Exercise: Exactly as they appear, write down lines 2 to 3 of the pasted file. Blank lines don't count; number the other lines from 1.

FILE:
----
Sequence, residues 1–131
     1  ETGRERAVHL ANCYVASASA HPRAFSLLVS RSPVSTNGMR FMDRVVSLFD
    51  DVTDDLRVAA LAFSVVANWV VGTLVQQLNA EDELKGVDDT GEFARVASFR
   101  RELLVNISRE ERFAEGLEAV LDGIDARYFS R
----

     1  ETGRERAVHL ANCYVASASA HPRAFSLLVS RSPVSTNGMR FMDRVVSLFD
    51  DVTDDLRVAA LAFSVVANWV VGTLVQQLNA EDELKGVDDT GEFARVASFR